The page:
FRONT PAGE / POSTS
by Louise Jolly| Brighton, UK
Thursday, 21 July 2011
tags: consumer culture, culture, emergence, europe, semiotics, uncategorized
The latest genre to send ratings soaring on British TV is ‘structured reality’ – often described as an amalgam of reality and drama. Series such as The Only Way Is Essex (TOWIE) and Made in Chelsea feature people playing themselves, but in scripted or semi-scripted scenarios.
The emergence of structured reality marks a response to the cultural pressures and contradictions which sank the earlier reality landmark Big Brother.
When Big Brother was first screened on British TV in 2000, it was partly rooted in the slacker genre of the 1990s. Reality was represented as baggy, loose and unstructured – about endlessly hanging out and discussing trivia.
Although housemates did face the occasional task or challenge, the idea of reality here mostly opposed narrative structure and dramatic action. It enacted the postmodern undoing of ‘plot’: the liberation of trivia from over-arching narrative.
Also in keeping with the slacker genre, early Big Brother represented people in an ‘off duty’, function-less state. The house was a suspended, abstract environment, which cut its occupants off from the personal or professional identities they held in the outside world.
But as the years rolled on and slacker culture waned, Big Brother found itself unable to maintain the loose and non-prescriptive reality it staged in its first season.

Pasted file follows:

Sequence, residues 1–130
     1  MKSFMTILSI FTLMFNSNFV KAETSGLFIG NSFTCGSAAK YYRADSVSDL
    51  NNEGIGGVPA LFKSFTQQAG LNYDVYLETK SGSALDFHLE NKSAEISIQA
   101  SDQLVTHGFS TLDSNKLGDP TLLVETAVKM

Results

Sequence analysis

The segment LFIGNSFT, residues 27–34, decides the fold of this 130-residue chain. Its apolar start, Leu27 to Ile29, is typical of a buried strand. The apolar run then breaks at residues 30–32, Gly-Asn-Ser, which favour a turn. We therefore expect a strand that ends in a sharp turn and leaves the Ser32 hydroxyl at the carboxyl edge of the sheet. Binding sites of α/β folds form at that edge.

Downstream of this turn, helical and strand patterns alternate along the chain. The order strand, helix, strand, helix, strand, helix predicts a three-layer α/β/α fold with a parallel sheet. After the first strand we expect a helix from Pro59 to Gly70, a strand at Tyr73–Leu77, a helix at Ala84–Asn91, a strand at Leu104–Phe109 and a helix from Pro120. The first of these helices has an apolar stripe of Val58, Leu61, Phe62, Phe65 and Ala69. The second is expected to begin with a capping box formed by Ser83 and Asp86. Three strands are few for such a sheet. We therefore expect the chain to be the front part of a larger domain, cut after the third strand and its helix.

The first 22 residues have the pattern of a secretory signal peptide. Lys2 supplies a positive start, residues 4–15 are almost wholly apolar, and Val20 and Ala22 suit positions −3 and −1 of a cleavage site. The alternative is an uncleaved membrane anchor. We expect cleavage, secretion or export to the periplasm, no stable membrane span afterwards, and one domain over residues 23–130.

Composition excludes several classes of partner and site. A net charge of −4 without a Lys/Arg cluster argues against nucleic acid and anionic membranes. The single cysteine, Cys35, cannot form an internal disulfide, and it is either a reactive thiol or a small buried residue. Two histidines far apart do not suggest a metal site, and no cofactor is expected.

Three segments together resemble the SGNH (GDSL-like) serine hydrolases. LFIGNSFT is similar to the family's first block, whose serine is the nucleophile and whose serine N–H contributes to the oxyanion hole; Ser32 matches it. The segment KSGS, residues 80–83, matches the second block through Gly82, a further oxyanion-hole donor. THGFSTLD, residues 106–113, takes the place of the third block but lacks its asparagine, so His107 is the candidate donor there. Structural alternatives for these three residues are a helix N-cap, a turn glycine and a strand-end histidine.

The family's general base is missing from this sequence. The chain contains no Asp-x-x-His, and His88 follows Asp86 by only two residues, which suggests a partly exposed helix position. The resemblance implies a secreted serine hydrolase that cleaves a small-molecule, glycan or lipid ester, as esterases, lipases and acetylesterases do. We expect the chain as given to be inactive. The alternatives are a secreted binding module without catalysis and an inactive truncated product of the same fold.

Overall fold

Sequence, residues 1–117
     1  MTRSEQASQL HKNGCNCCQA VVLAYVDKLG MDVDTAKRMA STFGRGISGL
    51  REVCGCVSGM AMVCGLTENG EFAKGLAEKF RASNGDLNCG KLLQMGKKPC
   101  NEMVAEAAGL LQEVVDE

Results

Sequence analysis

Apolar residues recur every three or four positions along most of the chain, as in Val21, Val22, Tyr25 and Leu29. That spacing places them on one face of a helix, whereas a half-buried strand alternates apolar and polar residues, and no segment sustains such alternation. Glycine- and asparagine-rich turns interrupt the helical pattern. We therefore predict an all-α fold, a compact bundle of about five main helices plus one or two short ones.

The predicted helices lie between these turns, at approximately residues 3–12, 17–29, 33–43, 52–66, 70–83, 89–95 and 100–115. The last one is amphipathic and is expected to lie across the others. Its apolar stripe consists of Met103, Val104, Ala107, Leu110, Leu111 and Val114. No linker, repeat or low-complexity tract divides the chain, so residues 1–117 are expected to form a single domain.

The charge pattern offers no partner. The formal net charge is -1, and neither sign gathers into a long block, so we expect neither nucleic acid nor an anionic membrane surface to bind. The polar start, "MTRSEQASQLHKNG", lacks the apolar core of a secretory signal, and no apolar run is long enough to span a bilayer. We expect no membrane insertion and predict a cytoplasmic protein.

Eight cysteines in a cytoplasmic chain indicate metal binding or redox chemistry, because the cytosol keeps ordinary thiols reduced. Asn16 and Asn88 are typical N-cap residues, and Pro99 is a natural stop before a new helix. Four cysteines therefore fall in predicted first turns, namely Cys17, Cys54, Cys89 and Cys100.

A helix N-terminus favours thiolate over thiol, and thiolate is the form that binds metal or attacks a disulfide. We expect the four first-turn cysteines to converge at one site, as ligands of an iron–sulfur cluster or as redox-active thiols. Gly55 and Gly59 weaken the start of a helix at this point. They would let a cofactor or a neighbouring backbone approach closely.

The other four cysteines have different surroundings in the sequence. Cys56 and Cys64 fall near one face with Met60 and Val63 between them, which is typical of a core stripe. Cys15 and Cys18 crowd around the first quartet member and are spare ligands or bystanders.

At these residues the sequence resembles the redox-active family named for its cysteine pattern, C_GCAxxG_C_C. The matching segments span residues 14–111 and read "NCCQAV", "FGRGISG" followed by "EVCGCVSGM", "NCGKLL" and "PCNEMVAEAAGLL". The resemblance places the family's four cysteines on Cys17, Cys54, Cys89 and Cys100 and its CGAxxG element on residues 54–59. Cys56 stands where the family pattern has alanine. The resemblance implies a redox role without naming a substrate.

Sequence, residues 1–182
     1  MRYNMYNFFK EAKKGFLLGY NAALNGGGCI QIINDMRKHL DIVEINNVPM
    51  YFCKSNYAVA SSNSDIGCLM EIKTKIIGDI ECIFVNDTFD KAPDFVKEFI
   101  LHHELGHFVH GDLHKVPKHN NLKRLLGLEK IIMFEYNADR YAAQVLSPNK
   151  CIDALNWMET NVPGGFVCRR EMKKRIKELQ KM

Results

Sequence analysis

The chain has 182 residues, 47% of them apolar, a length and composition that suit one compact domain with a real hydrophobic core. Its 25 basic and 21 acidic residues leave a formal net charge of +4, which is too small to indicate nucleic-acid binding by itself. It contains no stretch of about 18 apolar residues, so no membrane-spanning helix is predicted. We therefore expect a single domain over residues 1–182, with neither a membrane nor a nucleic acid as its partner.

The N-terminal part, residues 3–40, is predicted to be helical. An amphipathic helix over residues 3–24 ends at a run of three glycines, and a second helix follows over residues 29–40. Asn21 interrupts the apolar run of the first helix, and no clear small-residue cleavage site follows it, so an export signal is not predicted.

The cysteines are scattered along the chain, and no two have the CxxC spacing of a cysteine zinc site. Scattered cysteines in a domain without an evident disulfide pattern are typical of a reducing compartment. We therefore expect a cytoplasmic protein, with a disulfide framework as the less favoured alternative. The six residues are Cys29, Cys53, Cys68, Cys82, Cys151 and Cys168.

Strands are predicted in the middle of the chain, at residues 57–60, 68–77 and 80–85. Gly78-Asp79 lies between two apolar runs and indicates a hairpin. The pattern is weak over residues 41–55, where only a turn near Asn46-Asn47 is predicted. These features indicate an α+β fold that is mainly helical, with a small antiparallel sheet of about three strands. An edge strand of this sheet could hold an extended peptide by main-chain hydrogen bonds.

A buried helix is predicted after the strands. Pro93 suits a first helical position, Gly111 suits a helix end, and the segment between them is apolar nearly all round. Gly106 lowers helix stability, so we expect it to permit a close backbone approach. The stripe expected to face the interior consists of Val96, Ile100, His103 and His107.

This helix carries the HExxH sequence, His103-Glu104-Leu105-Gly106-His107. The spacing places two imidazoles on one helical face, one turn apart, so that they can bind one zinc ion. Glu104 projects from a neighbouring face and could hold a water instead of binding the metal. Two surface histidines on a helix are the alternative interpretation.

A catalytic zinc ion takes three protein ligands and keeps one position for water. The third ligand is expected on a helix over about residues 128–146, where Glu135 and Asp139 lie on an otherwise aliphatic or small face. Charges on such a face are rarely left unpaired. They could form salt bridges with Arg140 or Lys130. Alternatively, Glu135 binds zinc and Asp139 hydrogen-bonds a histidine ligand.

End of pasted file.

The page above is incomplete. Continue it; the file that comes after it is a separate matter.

Levels of intervention, manipulation and narrative twists increased – clashing with the idea that the house was meant to offer an open-ended, experimental environment in which outcomes would be unpredictable (although ideally involving sex of some sort).
Last year, the programme finally did collapse under the contradiction, as ratings fell and Channel 4 announced the 2010 season would be its last. Big Brother lives on, but only just – having been bought by a smaller channel.
And as its popularity waned, so structured reality rose to take its place, bringing in a new idea of reality compatible with overt scripting and management.
For example, in contrast to the ‘off-duty self’ represented in early Big Brother, structured reality gives us the professionalised ‘always-on self’. Coherent and self-coincident, the ‘always-on self’ flows seamlessly between on and off-screen life, reflecting the way social media are undoing the boundaries between private and public identity.
The stars of TOWIE and Made in Chelsea are, effectively, specialists at being themselves. And there’s a clear connection here with the quasi-professional identity management encouraged by today’s social-media discourse.
11 years ago, Big Brother represented reality as an experiment. And, of course, the idea behind an experiment is that no-one knows what’s going to happen (however much manipulation was going on behind the scenes). It was the possibility of surprise and inconsistency – best of all, lapses and slips of every kind – that kept viewers interested.
Structured reality expresses the opposite: a managed vision of reality and identity that reflects wider cultural changes – in particular, the rise of the transparent, ‘always-on self’ that’s the same at work, at home and at play.
© Louise Jolly 2011